Haha, might want to think very carefully about hand gestures. Just waving an open hand (palm inward facing) up and down in from of your own face has a fine of about 2000€!!!
 
T

trowel

Guest
#19
Recce19 said:
Sangreal said:
Recce19 said:
top_soldier said:
My dog tends to jump into the front of the car when we're moving - he then sits bolt upright on the front passenger seat...............imagine the looks we get from german drivers :)
That's something else that you will have to stop. It's against the German law to have an ungesichert...sorry, unsecured dog in a car - it is very expensive!

I would start brushing up on german road signs (das Verkehrsschild) and the different laws of the road over here (Straßenverkehrsordnung, shorted to StVO).
Additionally, where it is polite to hold up a hand in thanks in the UK the only acceptable German gestures are; a) a fist with an erect middle finger held with the back of the hand to the recipient of the thanks; or b), a fully extended right arm, with the hand flat and also extended, held out from the body slightly higher than perpendicular to the ground. If you wish to extend special gratitude you can augment b) by holding your left index finger under, and at 90 degrees, to your nose.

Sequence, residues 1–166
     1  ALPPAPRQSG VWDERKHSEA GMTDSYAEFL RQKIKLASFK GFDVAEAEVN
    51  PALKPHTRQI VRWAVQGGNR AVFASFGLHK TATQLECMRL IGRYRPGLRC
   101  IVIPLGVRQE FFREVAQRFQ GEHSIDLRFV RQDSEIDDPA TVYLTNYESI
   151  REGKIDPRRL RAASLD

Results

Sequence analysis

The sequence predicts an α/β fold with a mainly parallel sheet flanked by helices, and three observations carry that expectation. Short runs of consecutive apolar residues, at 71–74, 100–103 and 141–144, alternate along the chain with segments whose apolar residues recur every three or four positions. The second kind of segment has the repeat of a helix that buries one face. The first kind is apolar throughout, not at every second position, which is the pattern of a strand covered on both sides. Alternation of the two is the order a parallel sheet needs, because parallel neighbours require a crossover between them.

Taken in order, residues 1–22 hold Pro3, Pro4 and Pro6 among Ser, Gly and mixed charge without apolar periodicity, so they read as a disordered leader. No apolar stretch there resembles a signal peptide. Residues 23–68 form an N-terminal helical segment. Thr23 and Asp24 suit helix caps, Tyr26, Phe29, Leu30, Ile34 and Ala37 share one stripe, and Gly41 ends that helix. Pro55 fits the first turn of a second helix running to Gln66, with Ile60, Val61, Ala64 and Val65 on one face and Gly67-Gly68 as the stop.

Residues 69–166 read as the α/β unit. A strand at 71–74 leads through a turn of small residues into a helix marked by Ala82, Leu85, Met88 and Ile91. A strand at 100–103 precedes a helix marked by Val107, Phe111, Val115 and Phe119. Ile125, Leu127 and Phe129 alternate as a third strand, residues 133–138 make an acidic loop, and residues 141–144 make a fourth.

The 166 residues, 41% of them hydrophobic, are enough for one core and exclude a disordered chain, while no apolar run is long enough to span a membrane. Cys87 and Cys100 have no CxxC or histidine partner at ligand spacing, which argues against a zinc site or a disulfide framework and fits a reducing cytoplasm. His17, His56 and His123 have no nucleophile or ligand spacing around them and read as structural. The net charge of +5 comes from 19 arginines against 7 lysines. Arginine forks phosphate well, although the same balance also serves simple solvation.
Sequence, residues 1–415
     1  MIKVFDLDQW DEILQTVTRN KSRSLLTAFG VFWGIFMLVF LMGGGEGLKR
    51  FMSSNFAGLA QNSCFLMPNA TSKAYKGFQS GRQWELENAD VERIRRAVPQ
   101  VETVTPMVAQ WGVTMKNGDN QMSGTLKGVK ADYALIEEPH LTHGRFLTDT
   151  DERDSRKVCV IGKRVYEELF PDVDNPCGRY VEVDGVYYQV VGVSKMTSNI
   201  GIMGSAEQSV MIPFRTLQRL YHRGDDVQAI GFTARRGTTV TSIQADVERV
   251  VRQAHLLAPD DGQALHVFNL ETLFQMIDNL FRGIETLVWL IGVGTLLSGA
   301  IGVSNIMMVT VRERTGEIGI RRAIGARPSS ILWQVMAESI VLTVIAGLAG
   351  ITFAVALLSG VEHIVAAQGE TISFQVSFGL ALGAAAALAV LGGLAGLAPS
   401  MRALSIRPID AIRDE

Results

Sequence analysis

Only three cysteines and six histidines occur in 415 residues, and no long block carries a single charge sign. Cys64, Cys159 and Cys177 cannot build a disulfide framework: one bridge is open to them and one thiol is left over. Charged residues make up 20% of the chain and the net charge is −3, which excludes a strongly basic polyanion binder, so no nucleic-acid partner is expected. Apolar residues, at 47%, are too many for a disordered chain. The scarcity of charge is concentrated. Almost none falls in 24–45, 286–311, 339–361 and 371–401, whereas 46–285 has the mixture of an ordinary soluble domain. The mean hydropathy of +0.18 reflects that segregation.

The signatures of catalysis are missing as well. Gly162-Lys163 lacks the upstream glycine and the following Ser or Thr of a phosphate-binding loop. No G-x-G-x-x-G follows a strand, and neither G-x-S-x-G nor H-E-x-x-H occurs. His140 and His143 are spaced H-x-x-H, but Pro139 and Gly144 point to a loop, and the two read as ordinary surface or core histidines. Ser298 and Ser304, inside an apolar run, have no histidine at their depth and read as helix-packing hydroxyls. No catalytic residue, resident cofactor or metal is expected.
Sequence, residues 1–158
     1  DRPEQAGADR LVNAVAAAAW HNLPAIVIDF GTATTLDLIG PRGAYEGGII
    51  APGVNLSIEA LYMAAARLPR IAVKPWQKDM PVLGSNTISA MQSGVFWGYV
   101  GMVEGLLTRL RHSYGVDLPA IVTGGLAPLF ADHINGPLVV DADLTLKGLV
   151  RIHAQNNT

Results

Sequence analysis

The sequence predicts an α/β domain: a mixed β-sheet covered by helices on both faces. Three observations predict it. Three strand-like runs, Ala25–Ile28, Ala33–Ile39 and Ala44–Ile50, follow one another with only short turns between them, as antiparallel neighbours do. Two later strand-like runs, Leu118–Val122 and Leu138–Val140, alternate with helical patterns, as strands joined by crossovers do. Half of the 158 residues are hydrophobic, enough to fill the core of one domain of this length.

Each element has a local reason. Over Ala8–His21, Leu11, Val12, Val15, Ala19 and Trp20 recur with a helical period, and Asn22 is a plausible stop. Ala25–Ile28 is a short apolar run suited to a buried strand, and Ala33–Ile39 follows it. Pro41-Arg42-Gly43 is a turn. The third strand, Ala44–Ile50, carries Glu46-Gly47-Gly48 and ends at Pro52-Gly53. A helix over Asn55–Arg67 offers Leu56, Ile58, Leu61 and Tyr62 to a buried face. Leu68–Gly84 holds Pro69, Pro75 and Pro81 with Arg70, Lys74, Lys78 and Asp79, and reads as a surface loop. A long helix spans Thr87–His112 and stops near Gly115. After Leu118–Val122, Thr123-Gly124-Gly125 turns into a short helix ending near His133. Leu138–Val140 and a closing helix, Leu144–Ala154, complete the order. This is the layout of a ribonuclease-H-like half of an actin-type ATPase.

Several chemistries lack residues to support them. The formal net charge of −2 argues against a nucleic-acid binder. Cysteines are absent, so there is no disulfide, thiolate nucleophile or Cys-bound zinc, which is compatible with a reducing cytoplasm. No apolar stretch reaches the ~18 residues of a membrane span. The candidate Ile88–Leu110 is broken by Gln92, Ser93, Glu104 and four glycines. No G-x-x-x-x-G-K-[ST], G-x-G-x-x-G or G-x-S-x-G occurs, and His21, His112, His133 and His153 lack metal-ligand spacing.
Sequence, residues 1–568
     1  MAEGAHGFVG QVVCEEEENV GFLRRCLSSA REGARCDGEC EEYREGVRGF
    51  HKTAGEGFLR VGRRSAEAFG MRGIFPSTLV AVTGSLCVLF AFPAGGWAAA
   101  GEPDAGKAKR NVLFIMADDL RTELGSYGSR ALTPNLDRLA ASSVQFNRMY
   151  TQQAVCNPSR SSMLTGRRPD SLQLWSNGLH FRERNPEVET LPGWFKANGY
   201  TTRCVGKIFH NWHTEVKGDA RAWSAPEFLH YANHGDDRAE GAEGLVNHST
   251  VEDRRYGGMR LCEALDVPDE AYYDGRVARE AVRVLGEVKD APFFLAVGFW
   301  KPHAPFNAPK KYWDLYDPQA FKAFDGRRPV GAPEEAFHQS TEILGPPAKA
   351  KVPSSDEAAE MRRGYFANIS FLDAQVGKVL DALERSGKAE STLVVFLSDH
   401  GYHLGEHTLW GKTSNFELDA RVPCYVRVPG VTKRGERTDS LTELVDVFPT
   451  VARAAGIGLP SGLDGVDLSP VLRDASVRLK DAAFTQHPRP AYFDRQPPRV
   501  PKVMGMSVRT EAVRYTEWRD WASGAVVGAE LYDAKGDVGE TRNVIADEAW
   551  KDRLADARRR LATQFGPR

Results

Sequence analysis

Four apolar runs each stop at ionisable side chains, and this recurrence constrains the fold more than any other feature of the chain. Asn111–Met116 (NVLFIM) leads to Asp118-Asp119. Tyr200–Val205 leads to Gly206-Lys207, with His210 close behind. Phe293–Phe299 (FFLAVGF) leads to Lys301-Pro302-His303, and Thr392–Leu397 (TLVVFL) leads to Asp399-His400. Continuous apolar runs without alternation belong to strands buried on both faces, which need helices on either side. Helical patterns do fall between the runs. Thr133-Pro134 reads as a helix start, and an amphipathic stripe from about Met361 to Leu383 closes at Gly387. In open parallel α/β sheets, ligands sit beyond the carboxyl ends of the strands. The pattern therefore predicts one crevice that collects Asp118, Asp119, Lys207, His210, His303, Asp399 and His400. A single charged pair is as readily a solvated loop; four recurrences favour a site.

Haha, might want to think very carefully about hand gestures. Just waving an open hand (palm inward facing) up and down in from of your own face has a fine of about 2000€!!!
OK Recce, I`ll bite. I havn`t been over there for about 5 years, so this hand up and down in front of the face is new to me. Any chance of an explanation :?
 
#20
Normally the waving of the hand in front of the face..is a side to side movement of the hand and means they aint got got all their cups in the cupboard.Also pointing of the index finger to the middle of the forehead in a tapping motion does the same thing.All covered by a fine if some boxhead gets your number and phones plod.